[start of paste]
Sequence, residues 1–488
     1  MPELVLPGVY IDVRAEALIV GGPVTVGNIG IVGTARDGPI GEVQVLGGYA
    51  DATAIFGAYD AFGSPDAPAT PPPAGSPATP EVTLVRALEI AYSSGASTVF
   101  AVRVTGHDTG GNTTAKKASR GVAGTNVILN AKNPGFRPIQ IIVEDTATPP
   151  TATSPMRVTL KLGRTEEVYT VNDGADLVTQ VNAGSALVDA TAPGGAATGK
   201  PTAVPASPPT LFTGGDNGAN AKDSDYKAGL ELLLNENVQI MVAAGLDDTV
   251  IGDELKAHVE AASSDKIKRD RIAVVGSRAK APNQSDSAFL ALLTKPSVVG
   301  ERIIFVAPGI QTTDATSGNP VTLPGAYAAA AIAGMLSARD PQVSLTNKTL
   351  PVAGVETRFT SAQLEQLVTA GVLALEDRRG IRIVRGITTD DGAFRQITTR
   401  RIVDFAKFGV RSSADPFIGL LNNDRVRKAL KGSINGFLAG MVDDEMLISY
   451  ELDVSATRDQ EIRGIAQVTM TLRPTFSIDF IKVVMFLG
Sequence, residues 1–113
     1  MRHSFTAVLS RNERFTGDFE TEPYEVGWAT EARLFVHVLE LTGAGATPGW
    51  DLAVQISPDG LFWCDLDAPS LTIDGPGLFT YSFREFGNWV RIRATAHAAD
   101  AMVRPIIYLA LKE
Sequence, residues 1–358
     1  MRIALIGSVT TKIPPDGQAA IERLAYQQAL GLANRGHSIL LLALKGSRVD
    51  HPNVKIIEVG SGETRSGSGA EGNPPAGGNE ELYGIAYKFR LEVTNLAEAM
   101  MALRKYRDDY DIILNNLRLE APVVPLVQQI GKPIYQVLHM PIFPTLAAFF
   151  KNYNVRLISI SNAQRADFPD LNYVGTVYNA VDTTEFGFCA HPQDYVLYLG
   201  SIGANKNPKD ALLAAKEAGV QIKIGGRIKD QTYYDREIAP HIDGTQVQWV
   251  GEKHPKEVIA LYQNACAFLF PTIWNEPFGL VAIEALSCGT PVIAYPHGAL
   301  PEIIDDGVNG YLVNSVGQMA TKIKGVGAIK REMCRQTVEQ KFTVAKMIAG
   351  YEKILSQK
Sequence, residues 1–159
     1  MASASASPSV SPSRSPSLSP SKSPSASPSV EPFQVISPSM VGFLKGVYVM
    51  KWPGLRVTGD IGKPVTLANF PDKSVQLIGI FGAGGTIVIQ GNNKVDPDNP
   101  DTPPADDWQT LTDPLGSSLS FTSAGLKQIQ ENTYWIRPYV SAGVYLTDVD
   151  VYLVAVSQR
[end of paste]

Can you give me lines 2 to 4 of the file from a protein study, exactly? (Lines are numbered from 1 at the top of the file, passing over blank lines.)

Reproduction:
     1  MPELVLPGVY IDVRAEALIV GGPVTVGNIG IVGTARDGPI GEVQVLGGYA
    51  DATAIFGAYD AFGSPDAPAT PPPAGSPATP EVTLVRALEI AYSSGASTVF
   101  AVRVTGHDTG GNTTAKKASR GVAGTNVILN AKNPGFRPIQ IIVEDTATPP